She wondered what it was, this sensation: if it might be called happiness, or whether it would more rightly be called fear.
– Naomi Wood, Mrs. Hemingway
A massive south swell was rumored to be heading for Costa Rica on the first of May. It started as a whisper. As April drew to a close, it gained momentum, building to a crescendo of cackling jesters, becoming a singular, maniacal fixation. I was eager to keep heading north, and began to solicit information about surf breaks on the Nicoya Peninsula that could handle a big south. A tico who had lived in the area for years told me that nowhere on the Nicoya would be able to manage it. I looked at a map in disbelief. How could this be? It didn’t make sense. But the more people I questioned, the more certain the answer became. Nowhere. Nothing. No.
Go to Pavones, they said. My first trip to Pavones is detailed in Surf Town, Planet Earth, and though I had a good time, I wasn’t in a hurry to go back. Eventually, I met a man from the Nicoya who teased me with a glimmer of hope. “There are many places there that can handle a south,” he scoffed. Excited, I asked him where he planned to go for the swell. Pavones.
I cross-examined Roberto and Marie at length. There were a couple of tempting options, but they sounded like a gamble. I wanted a sure bet. They were going to Pavones along with the rest of the country, so I decided to put my faith in their judgement and join them.
We left at 2am on May 1, loaded with food, boards, and frenzied excitement. The surf reports were forecasting the biggest swell of the year, a collision of two storms. We came over the crest of the hill around 6am and began to drop in to Pavones, the bay laid out like a glass table before us with lines of waves cut out neatly across the surface. We started freaking out, a bunch of junkies desperate for our fix, hooting, yelling, writhing in our seats.
As we rounded the bend by the boat launch, we got our first glimpse of the waves up close. The boat launch typically marks the end of the wave, the place where it is smallest and weakest, having diminished all of its energy as it breaks along the point. When I had arrived in Pavones by boat two weeks before, this section had scarcely even had a wave. Today, it was barreling. It looked impossibly good, almost fake. “The inside is head high!” Roberto crowed. He kept repeating it over and over, like a mantra. I wanted to scream with excitement.
We quickly got settled at the hostel, which was still out of water. None of us cared. We were frothing. I waxed my 6’6 step up and headed out to surf. The point was much bigger than it had been the last time I was here. On my way out, I walked by a guy carrying a broken board, dejected. Another guy was bleeding from a deep gash to his head. It was time to focus.
I paddled out at my usual spot, by the river mouth. It was different, though, this time. The tide was low, sucking and surging across the cobblestones. The current was flowing rapidly down the point, pulling at me as I stumbled over the rocks, jumping over the shore pound and fighting to hold my ground. I waited for a break in the sets, saw my opportunity and quickly started paddling out. I duck dove under a small wave and felt my board rake across the shallow rocks. Not good.
Once I made it out safely, I checked my board and found a 4 inch gash along the bottom, which had cut through the fiberglass. I decided I would switch my board out so it didn’t absorb too much water through the ding. I caught a few waves, which were exciting, but closed out fairly quickly.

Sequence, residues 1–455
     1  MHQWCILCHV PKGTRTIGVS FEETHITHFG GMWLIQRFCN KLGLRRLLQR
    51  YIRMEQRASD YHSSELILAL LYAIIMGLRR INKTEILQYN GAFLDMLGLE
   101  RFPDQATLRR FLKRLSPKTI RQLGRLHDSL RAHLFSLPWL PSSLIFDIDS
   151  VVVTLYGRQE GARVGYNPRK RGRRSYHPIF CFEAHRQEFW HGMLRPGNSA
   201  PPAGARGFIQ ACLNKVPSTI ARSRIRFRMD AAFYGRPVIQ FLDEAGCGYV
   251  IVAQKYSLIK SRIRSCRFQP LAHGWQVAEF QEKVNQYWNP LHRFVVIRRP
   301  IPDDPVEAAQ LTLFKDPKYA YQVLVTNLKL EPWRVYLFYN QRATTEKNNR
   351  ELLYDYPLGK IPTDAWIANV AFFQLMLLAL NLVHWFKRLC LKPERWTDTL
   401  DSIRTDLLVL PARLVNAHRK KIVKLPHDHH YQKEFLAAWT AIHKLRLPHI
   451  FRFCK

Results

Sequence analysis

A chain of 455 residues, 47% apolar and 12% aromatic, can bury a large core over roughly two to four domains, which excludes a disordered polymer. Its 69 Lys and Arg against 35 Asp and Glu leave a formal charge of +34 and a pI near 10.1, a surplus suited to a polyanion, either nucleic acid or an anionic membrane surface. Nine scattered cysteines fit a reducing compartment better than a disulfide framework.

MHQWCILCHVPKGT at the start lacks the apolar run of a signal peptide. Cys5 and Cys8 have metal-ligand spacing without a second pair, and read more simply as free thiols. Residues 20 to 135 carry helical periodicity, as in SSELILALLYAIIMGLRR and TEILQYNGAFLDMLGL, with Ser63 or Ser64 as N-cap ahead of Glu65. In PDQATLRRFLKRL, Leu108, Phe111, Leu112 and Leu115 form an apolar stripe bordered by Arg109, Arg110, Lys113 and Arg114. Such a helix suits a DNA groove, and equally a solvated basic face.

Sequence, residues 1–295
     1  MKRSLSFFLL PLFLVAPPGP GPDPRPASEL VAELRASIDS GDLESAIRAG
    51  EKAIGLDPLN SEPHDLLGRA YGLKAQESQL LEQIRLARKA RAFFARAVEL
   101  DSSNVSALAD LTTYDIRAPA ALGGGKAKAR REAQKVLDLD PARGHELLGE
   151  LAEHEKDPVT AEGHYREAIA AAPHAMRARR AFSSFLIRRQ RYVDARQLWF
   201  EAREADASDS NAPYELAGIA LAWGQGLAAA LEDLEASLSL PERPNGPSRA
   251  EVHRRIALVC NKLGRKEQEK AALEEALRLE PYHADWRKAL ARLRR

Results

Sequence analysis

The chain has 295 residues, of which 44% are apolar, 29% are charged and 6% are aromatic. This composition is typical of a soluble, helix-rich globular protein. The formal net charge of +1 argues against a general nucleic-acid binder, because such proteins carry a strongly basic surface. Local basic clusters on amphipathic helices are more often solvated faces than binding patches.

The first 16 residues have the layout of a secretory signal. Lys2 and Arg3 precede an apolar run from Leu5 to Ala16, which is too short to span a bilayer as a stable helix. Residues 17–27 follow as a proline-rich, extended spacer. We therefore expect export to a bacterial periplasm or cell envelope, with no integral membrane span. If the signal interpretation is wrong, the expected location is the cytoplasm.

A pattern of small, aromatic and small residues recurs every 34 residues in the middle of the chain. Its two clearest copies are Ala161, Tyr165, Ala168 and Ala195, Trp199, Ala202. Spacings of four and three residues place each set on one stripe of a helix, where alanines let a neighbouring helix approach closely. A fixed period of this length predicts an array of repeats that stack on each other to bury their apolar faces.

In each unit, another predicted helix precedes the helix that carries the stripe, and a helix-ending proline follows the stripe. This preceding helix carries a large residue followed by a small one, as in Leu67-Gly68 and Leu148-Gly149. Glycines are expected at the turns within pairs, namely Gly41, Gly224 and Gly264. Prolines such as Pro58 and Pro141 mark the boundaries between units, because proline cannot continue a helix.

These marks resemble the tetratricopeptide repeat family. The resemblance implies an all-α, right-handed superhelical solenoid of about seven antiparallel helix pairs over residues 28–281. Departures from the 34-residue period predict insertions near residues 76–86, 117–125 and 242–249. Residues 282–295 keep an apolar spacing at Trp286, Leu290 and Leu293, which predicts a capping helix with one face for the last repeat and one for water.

I surfed my way back to the hostel, cut the ruined section out of my board with a razor blade and set it in the sun to dry. Then I waxed my 7’0, my biggest board, that had yet to hit the water, and headed back out for round two. It was challenging, to say the least. I got caught inside, drilled by big sets, held underwater and dragged across the bottom. I got a few waves, but for the most part, they closed out. I burned myself out paddling, staying out for more than four hours, without an especially memorable wave to show for it. Oh well. So it goes. I have surfed big waves enough to know that it’s a good day if I make it back without major injuries or a broken board.
I finally threw in the towel and gobbled down a delicious lunch made by Marie. Then I collapsed on the bed, game over. When I awoke, it was dark and my eyes were burning. Four hours of salt and sun had taken their toll. I was in excruciating pain and I couldn’t see. I staggered to the market amidst cat calls. Surely I looked like a drunk girl ready for the taking. My eyes streaming, squinting through slits, I asked the cashier for eye medicine and he produced some Visine. It didn’t seem to help. I was as good as blind. The cashier told me to put honey in my eyes, that it would soothe them. Honey? In my eyes? I was skeptical. I staggered away.
When I got back to the hostel I tried cucumber and a cold compress to no avail. Finally I caved and smeared a drop of honey in each eye. Daggers drove into my skull, but then the pain blurred and my vision cleared. I was cured, and relieved. I had big plans for the next few days, and I needed my eyes working.
In addition to the sun blindness, I was mitigating an ear infection that had begun in Matapalo. It had subsided briefly with antibiotic drops, and then returned with a vengeance. I had started a round of oral antibiotics which successfully obliterated my internal flora, resulting in a yeast infection. In the spirit of keeping it real, here is reality, delivered on a petri dish rather than a silver platter. I hope to god I never have to have another awkward conversation in broken Spanish with a good-looking tico cashier about the merits of various vaginal medicines as I did in Pavones. The things we surfers will suffer through to stay on the sauce, they defy reason.